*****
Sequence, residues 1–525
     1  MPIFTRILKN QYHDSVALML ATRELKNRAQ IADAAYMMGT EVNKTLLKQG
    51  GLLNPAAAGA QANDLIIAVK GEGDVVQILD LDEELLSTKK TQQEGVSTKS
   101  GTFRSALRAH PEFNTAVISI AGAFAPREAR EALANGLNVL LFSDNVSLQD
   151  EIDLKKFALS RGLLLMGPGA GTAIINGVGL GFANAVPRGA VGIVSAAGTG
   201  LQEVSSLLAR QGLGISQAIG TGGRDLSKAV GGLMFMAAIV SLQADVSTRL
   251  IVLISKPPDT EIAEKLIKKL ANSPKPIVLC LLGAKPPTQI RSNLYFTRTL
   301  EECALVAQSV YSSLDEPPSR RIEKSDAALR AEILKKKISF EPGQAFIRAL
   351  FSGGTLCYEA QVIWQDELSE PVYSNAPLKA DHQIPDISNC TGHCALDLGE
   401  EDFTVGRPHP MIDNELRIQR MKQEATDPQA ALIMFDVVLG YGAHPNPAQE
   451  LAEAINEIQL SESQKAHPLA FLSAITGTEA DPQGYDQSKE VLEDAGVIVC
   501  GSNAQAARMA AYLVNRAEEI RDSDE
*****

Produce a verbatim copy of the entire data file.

Sequence, residues 1–525
     1  MPIFTRILKN QYHDSVALML ATRELKNRAQ IADAAYMMGT EVNKTLLKQG
    51  GLLNPAAAGA QANDLIIAVK GEGDVVQILD LDEELLSTKK TQQEGVSTKS
   101  GTFRSALRAH PEFNTAVISI AGAFAPREAR EALANGLNVL LFSDNVSLQD
   151  EIDLKKFALS RGLLLMGPGA GTAIINGVGL GFANAVPRGA VGIVSAAGTG
   201  LQEVSSLLAR QGLGISQAIG TGGRDLSKAV GGLMFMAAIV SLQADVSTRL
   251  IVLISKPPDT EIAEKLIKKL ANSPKPIVLC LLGAKPPTQI RSNLYFTRTL
   301  EECALVAQSV YSSLDEPPSR RIEKSDAALR AEILKKKISF EPGQAFIRAL
   351  FSGGTLCYEA QVIWQDELSE PVYSNAPLKA DHQIPDISNC TGHCALDLGE
   401  EDFTVGRPHP MIDNELRIQR MKQEATDPQA ALIMFDVVLG YGAHPNPAQE
   451  LAEAINEIQL SESQKAHPLA FLSAITGTEA DPQGYDQSKE VLEDAGVIVC
   501  GSNAQAARMA AYLVNRAEEI RDSDE